Profit from Provenance

Have you considered the meaning of provenance this morning? Maybe as you sipped your single origin coffee, or munched on your slow-fermented sourdough toast, with local raw honey!

And it doesn’t stop there. Sitting down for lunch it can take longer for the waiter to explain the local origin of all the ingredients on your plate, than it does to eat it!

Then you knock off for Friday drinks and find yourself in the local brewery drinking a raspberry pale ale. Yes its the latest collab between the brewer and the neighbouring barley farmer and raspberry grower.

The wine world has been banging on about this for decades, centuries even. Now terroir can be found in our butter and beef! That’s because there’s power and profit in provenance!

provenance in food and beverage

The Power of Provenance

Its been a growing trend for a while and it seems the consuming public continues to fall head over heels for this concept. Its a backlash to the homogenisation of not only our milk. The full food offering of the dominant supermarkets and big food chains has become so same same. The rapid growth in farmers markets, coffee vans and craft breweries (not to mention food reality TV and awareness of food miles) are testament to this movement. Yes the hipsters love it, but don’t blame them, this has much broader appeal.

I admit it, I’ve fallen for this movement hook, line and sinker (hmmm, line caught snapper…) It instills a sense of community and adds to the experience and enjoyment of food and drink shared with friends. Which to me is what this should all be about.

There is a global hunger in premium markets for authentic, high-quality product, particularly emanating from the clean, green shores of Australia.

The Business of Provenance

From a business perspective it presents incredible opportunities too. Getting noticed is one of the biggest challenges in the incredibly crowded world of food and beverage that we’re now playing in.

For small producers in Australia, competition on price is not an option, see my recent blog ‘Never Compete on Price Again’. Its also extremely difficult to be ahead of the innovation curve in terms of new products, packaging or product delivery when you don’t have a multi-million dollar R&D budget.

But, the one thing you have that Nestle and George Weston Foods don’t is a connection to place. An authenticity around not only product, but in action too. This is something that big food can never replicate. And its worth money!

So whilst a local, small scale, hand-made product might be expensive to make, premium pricing can be commanded, boosting margins and growing profitability. Of course, most businesses want to grow and to do so often means expanding into new markets. Does expansion outside your local area diminish the value of your product?

It doesn’t have to. The grassroots story is powerful and can resonate in new markets, even internationally. There is a global hunger in premium markets for authentic, high-quality product, particularly emanating from the clean, green shores of Australia.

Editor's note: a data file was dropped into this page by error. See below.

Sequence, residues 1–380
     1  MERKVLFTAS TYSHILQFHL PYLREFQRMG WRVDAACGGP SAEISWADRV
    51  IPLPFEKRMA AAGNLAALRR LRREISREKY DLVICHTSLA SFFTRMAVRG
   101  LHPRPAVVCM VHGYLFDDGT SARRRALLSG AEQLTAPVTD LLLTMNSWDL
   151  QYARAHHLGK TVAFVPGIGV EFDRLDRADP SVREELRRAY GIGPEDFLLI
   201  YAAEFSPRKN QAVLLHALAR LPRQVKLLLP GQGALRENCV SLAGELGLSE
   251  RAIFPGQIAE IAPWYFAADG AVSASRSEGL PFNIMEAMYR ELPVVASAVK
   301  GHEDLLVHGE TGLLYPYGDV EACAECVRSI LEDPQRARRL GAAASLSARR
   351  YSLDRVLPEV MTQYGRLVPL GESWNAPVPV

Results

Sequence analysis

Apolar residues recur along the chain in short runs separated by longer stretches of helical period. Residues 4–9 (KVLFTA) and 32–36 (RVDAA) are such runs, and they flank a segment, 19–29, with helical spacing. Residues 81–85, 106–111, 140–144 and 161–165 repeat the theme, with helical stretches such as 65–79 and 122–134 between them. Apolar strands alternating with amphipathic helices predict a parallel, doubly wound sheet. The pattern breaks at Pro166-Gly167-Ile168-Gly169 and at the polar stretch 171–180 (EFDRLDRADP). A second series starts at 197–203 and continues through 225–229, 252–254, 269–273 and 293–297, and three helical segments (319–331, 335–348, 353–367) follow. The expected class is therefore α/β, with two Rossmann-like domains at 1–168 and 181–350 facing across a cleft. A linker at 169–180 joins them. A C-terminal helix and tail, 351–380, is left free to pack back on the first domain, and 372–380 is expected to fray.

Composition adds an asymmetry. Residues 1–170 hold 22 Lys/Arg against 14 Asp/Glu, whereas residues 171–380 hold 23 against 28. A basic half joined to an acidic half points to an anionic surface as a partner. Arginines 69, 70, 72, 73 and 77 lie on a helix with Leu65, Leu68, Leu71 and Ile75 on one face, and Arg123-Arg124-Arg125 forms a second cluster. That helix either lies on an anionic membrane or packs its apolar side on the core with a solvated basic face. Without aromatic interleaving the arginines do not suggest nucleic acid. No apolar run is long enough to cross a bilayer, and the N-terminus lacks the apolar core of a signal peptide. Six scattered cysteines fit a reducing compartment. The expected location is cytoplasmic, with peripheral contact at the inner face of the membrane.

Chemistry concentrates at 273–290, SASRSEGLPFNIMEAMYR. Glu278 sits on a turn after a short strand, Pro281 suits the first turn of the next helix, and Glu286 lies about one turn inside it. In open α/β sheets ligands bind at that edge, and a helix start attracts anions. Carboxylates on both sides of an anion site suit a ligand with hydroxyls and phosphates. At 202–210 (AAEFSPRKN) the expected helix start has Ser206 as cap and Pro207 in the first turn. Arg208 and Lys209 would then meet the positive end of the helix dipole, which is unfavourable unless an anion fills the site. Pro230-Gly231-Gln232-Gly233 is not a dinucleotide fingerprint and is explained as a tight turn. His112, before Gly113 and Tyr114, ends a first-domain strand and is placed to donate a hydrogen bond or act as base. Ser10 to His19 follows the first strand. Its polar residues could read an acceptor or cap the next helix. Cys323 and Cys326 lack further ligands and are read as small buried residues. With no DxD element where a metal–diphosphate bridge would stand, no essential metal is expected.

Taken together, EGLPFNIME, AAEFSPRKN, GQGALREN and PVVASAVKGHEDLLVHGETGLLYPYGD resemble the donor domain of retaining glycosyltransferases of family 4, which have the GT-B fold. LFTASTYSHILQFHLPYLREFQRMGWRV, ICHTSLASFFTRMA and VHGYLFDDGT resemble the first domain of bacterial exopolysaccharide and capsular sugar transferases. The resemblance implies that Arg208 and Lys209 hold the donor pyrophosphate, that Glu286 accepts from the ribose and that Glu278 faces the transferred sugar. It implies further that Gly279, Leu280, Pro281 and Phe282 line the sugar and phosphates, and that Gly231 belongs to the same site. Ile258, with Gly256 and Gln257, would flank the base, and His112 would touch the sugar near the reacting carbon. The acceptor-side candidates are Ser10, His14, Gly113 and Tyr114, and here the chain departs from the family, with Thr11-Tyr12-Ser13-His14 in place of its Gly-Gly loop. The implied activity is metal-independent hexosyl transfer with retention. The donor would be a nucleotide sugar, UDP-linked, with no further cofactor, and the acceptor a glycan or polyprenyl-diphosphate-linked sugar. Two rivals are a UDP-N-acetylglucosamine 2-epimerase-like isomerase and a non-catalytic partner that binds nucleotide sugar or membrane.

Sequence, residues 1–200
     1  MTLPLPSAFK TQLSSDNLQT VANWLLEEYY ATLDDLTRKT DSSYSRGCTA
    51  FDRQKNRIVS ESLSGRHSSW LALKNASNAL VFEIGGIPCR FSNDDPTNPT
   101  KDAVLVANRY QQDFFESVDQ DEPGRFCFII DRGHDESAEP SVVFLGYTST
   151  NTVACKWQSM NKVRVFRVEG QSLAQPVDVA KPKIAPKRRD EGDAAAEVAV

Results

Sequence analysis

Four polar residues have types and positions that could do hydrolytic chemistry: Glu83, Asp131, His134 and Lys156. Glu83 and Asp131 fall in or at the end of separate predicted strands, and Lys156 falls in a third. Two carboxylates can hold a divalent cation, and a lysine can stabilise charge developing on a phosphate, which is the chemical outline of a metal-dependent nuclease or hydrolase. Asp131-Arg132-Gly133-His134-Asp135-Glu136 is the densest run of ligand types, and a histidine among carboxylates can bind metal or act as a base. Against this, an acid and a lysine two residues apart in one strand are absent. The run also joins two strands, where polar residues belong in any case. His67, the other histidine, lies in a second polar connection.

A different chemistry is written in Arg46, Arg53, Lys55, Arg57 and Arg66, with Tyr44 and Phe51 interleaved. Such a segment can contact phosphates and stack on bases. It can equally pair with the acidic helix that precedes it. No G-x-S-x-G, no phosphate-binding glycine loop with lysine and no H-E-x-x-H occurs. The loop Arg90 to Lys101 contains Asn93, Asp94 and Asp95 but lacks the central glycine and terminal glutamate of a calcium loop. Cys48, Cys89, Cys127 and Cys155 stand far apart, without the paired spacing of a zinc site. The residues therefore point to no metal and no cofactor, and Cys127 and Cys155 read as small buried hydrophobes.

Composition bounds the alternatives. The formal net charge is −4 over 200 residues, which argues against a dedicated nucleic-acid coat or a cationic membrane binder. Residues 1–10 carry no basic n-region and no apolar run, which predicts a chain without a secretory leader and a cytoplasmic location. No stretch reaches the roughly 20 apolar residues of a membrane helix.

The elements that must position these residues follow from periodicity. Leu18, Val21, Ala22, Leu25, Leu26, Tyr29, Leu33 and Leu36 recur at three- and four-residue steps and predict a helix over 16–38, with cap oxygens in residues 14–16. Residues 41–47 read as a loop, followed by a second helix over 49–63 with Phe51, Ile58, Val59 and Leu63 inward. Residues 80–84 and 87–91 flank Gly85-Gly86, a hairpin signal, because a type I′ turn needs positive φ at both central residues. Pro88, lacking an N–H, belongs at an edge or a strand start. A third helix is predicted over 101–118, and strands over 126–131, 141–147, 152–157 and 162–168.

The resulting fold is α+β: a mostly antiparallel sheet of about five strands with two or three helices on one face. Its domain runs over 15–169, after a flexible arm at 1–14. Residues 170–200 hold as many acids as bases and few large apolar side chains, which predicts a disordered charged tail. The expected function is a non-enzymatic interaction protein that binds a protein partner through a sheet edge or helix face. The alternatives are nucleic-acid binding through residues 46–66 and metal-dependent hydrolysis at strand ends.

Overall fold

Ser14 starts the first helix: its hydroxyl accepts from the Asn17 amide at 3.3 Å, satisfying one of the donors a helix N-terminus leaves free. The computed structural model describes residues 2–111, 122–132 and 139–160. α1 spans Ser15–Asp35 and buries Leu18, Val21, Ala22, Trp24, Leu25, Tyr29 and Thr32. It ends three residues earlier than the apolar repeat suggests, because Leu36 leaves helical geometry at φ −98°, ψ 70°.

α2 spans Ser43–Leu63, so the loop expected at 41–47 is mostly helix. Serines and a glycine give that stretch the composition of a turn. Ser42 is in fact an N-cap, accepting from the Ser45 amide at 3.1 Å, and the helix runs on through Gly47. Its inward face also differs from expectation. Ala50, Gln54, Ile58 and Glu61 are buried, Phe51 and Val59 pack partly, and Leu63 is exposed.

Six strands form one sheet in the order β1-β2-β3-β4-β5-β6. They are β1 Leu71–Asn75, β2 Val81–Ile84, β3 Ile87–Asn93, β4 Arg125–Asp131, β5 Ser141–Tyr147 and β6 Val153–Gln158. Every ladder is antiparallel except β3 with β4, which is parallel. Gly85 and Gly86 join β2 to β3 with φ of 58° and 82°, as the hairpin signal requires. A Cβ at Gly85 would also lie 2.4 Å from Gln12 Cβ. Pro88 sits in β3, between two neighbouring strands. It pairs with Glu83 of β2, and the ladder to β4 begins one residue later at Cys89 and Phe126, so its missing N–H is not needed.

And those big food companies are on the look out too. More and more buy-outs of small food and beverage businesses are occurring with multi-million dollar transactions hitting the headlines over the past few years.

Positioning for Provenance

So what business planning essentials do you need to have in place to ensure you’re positioned for growth as a purveyor of provenance?

  1. Branding is crucial to ensure you control your story. Know your story and tell it consistently
  2. A consistent marketing plan to manage how your story gets out to the market
  3. Product quality is paramount, its hard to sell a premium, boutique story of provenance with an inferior product
  4. Community engagement through local events is a powerful way to build your local following and provenance credentials
  5. And of course a business and finance strategy that aligns with your brand story and looks to a future of growth is essential for business survival and long term growth. As you grow you’ll need to invest in equipment, or in launching new markets or even exporting. There’ll be cashflow and production challenges along the way, its a reality of business. Planning for this with a smart business and finance strategy will enable you to take advantage of growth opportunities as your business develops.

With these things in place, you’ll be well positioned to take your story of provenance from your backyard to the rest of the country and even around the world. Whether its a handmade mango smoothie, a local chai tea, or a fresh craft beer from the nearest brewery, I’ll drink to that!

This commentary is general. Any any advice for your business would take in your specific needs and situation. If you’d like to discuss how to develop your business and finance strategy to set up for growth, please book a free initial consultation with our Chartered Accountant and Virtual CFO Andrew Terlich here.

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